This omission is particularly important in this case because as part of his appeal to the Appeals Council, Plaintiff submitted a letter from Dr. Court dated March 23, 2016 wherein Dr. Court noted that she had been treating the Plaintiff for approximately thirteen (13) years, and that he suffers from PTSD, Bipolar Disorder and depression. After outlining Plaintiff's deficiencies, including problems with concentration, easy distractability, and other impairments, Dr. Court stated that “[d]ue to the limitations he suffers as a result of his disorders and symptoms, it is my opinion that he is disabled and can not obtain or maintain a job.” (R.p. 8). Dr. Court further opined that if Plaintiff attempted to obtain a job, “he would be off task more than 20% of the time due to his lack of concentration, that he would need break periods at least every hour, and that he would miss work more than 4 days a month due to symptoms, panic attacks, and/or side effects of medication.” (R.p. 8). Finally, and significantly, Dr. Court also states in the letter submitted to the Appeals Council that the conditions and limitations set forth in her letter were present on or before January 8, 2016, the date of the ALJ's decision. Id.[6] However, notwithstanding Dr. Court's specific statement that the conditions and limitations set forth in her March 23, 2016 letter to the Appeals Council “were present on or before January 8, 2016”, in rejecting this opinion and upholding the ALJ's decision the Appeals Council stated:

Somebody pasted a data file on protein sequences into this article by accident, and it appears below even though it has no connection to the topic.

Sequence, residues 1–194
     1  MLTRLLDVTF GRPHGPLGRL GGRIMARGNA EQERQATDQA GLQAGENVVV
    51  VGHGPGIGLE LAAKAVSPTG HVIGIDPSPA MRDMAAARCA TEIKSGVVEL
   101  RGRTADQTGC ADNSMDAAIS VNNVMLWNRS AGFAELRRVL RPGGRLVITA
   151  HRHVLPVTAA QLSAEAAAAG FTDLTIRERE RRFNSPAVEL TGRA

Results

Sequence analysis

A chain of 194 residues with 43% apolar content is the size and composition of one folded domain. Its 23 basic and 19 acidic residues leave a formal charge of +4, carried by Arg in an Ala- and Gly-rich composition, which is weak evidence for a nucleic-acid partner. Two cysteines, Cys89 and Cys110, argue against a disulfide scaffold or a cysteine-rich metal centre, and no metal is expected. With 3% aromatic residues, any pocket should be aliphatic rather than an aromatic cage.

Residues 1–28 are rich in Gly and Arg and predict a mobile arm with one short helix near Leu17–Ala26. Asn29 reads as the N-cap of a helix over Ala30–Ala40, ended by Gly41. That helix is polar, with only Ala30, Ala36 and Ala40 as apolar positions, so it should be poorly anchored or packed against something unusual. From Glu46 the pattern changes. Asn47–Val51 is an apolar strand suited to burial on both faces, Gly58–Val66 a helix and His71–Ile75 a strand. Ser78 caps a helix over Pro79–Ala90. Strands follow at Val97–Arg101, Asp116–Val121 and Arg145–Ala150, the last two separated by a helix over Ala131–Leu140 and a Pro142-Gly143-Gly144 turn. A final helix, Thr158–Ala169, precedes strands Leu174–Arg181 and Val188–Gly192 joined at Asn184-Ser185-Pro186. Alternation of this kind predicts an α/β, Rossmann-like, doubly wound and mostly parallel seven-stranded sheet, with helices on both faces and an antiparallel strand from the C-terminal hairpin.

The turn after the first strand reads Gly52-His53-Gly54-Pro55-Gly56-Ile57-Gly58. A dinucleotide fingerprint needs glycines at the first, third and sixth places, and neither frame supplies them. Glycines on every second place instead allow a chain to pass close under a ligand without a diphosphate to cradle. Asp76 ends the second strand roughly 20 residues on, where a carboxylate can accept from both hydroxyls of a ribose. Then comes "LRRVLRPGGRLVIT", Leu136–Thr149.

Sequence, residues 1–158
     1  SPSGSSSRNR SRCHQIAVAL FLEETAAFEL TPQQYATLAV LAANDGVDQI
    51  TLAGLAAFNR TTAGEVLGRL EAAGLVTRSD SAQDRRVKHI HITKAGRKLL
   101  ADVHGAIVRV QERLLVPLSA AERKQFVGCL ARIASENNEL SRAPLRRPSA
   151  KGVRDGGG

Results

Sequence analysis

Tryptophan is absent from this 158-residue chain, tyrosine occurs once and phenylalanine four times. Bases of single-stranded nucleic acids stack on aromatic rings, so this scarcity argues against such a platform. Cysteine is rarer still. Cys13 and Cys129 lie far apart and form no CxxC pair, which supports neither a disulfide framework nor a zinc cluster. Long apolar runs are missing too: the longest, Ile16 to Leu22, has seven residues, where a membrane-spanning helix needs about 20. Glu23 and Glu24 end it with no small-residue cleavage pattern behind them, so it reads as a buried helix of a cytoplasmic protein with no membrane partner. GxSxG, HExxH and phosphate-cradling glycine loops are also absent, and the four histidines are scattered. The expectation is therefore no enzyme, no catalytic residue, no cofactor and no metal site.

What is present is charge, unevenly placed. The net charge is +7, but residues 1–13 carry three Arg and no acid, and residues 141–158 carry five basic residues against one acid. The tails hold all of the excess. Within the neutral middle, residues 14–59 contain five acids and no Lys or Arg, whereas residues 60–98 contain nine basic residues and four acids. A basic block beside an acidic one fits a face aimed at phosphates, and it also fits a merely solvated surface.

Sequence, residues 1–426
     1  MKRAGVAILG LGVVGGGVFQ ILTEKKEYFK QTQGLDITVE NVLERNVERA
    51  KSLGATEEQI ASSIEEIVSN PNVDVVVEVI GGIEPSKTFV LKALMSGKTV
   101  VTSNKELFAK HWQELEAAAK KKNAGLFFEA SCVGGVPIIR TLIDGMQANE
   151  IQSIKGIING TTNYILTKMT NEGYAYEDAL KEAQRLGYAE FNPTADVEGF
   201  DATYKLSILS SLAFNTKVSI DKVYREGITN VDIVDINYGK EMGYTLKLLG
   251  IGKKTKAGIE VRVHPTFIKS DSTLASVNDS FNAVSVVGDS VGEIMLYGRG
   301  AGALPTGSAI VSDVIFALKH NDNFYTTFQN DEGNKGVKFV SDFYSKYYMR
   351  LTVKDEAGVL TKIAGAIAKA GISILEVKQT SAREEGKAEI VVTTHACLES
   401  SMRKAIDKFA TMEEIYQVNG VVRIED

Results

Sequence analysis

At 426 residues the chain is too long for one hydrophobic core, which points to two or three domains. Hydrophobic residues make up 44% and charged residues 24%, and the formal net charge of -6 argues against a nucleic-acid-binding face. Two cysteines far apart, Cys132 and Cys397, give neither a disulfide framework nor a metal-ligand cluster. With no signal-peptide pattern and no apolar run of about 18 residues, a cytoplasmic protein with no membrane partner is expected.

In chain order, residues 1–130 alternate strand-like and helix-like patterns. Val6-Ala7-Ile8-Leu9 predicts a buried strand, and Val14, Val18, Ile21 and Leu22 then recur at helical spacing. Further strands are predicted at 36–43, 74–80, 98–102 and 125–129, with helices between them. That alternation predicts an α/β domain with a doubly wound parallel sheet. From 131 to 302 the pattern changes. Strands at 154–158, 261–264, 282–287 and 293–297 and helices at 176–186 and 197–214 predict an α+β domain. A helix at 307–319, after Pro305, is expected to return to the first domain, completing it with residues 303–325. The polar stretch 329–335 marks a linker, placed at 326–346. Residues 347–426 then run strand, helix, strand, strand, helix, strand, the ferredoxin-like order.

The Administrative Law Judge decided your case through January 8, 2016. This new information is about a later time. Therefore, it does not affect the decision about whether you were disabled beginning on or before January 8, 2016.

(R.p. 2); see (R.p. 8).

         This finding was clear error under the facts of this case.

         Pursuant to 20 C.F.R. §404.970

(b) If new and material evidence is submitted, the Appeals Council shall consider the additional evidence . . . where it relates to the period on or before the date of the administrative law judge hearing decision. The Appeals Council shall evaluate the entire record including the new and material evidence submitted if it relates to the period on or before the date of the administrative law judge hearing decision. It will then review the case if it finds that the ...